A typeface is is a selection of stylistically related letters which collectively comprise a family of alphabets which can be used for typesetting. Typeface design also usually includes numbers and symbols which are designed to blend stylistically with the core alphabet used in the design. It is also possible to design entirely symbolic typefaces, such as the specialty products used by mathematicians, and typefaces come in all languages.
Typefaces and fonts are frequently confused. A typeface is a design family of items which are interrelated: Garamond, for example, is a typeface. A font is a particular iteration of a typeface: 12 point Garamond italic is a font within the Garamond family. While this distinction may seem petty, especially to people who are accustomed to using “font” and “typeface” interchangeably, it is important, because the individual fonts within a typeface can take on a huge variety of iterations.
Historically, a typeface designer would create the desired look and feel, and then specific fonts needed to be cast in type. Printers could order various fonts as needed to fulfill their needs, and each font was specifically designed and scaled to look optimal in the desired size and style. Since most people work on computers today, it is very easy to switch fonts within a typeface at the click of a button, but this process was once much more involved, and it required great skill on the part of the designer and foundry which cast the type.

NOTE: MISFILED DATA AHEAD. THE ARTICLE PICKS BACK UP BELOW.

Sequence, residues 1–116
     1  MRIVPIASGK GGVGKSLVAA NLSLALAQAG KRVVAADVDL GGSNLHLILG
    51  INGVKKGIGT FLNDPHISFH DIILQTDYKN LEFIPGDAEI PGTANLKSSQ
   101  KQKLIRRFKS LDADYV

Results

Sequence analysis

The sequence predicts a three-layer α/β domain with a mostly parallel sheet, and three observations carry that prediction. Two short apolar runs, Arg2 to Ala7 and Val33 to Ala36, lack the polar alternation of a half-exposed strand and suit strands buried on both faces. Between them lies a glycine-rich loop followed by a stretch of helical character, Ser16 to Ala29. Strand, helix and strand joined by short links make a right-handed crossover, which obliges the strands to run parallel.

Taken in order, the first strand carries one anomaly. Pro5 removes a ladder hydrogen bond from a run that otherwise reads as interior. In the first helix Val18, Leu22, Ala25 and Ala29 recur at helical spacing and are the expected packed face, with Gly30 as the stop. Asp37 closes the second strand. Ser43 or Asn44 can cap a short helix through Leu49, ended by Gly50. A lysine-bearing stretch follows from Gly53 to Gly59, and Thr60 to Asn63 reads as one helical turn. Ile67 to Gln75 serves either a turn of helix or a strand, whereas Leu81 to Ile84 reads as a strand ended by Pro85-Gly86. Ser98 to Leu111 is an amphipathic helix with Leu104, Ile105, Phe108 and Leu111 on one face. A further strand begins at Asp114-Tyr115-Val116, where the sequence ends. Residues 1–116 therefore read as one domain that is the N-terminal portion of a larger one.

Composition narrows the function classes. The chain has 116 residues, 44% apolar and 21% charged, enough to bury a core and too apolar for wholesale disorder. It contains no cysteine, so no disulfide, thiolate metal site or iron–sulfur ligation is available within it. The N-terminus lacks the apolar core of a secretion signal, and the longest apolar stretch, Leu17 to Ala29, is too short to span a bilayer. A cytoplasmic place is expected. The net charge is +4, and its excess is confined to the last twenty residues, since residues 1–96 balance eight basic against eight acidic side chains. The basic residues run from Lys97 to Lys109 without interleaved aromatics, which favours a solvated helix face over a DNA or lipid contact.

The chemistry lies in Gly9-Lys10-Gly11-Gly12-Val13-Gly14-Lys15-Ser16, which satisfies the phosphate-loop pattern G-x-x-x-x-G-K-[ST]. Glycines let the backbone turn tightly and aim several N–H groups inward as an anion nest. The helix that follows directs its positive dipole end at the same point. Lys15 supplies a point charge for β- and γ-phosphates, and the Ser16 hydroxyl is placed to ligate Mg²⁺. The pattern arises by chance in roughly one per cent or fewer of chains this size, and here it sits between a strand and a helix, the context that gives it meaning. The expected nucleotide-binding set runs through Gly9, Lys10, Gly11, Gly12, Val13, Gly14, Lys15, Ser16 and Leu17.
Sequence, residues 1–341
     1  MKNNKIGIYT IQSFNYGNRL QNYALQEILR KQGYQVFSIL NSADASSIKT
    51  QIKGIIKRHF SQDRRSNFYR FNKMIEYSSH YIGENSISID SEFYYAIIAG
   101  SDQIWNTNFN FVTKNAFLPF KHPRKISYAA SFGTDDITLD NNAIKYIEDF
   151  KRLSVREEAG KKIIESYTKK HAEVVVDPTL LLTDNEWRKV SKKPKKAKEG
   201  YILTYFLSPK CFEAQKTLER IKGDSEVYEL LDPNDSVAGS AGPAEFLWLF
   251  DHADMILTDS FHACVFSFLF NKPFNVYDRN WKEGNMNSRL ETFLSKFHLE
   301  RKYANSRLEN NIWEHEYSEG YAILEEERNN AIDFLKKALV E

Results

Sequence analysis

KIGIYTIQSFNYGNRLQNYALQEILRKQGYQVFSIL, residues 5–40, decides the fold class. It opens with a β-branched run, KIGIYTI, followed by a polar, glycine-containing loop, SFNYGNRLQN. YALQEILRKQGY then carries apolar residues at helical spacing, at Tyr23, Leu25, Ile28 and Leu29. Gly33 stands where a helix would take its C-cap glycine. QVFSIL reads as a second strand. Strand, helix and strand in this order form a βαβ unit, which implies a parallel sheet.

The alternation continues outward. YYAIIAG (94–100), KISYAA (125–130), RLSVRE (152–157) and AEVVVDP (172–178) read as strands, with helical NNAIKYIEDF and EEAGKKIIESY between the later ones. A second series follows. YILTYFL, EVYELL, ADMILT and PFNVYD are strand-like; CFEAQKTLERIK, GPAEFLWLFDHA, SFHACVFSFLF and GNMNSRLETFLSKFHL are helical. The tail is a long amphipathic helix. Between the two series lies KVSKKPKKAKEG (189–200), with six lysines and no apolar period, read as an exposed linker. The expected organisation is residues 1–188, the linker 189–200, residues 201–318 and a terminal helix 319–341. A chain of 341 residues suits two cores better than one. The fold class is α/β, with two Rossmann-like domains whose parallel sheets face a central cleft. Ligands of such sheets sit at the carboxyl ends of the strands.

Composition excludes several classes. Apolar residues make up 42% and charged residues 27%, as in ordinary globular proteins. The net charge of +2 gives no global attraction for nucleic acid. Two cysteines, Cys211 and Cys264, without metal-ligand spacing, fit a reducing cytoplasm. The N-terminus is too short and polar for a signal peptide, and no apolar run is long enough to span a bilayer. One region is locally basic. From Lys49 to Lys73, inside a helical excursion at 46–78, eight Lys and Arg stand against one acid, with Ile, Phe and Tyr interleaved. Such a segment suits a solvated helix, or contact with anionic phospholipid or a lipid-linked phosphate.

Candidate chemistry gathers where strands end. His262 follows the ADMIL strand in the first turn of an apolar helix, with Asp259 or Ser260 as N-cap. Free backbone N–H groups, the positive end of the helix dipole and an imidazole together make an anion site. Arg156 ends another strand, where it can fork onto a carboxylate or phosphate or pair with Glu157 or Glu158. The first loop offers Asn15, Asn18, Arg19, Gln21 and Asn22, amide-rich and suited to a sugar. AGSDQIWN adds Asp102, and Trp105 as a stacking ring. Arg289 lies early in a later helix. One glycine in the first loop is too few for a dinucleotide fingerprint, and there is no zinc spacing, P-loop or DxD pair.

Typefaces are often broken up into larger families, such as serif and sans serif families. A sans serif typeface has letters which lack decorations, such as the typeface used on the wiseGEEK site for legibility. Serif typefaces have small ornaments which make them more visually interesting, but sometimes more challenging to read. People may also break up typefaces by style, lumping together designs which share a theme, such as Gothic typefaces or Modern typefaces.
Working as a designer of typefaces can be very interesting, as a design family can display a huge range of variability and individuality. Having a good design aesthetic is important, as is understanding the principles of typesetting and the way that displays of text can work with or against a design. Some people like to specialize in highly imaginative, fanciful typefaces which are intended to be used as visual accents, while others may be more interested in creating utility designs which are easy to read, use, and work with.